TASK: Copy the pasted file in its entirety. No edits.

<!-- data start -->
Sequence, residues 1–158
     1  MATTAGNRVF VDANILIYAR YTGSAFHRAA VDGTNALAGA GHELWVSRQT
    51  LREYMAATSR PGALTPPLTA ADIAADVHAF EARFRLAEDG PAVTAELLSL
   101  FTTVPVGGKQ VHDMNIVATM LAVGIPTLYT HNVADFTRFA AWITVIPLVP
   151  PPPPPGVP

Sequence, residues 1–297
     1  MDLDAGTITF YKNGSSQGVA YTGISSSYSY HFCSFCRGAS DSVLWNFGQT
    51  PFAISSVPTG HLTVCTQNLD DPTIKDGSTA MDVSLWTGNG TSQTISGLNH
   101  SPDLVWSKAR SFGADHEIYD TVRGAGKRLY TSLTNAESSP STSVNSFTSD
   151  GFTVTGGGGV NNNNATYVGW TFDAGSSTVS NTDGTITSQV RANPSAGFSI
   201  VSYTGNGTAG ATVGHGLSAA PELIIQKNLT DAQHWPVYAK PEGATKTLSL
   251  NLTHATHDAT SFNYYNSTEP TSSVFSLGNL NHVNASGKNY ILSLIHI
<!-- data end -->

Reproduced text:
Sequence, residues 1–158
     1  MATTAGNRVF VDANILIYAR YTGSAFHRAA VDGTNALAGA GHELWVSRQT
    51  LREYMAATSR PGALTPPLTA ADIAADVHAF EARFRLAEDG PAVTAELLSL
   101  FTTVPVGGKQ VHDMNIVATM LAVGIPTLYT HNVADFTRFA AWITVIPLVP
   151  PPPPPGVP

Sequence, residues 1–297
     1  MDLDAGTITF YKNGSSQGVA YTGISSSYSY HFCSFCRGAS DSVLWNFGQT
    51  PFAISSVPTG HLTVCTQNLD DPTIKDGSTA MDVSLWTGNG TSQTISGLNH
   101  SPDLVWSKAR SFGADHEIYD TVRGAGKRLY TSLTNAESSP STSVNSFTSD
   151  GFTVTGGGGV NNNNATYVGW TFDAGSSTVS NTDGTITSQV RANPSAGFSI
   201  VSYTGNGTAG ATVGHGLSAA PELIIQKNLT DAQHWPVYAK PEGATKTLSL
   251  NLTHATHDAT SFNYYNSTEP TSSVFSLGNL NHVNASGKNY ILSLIHI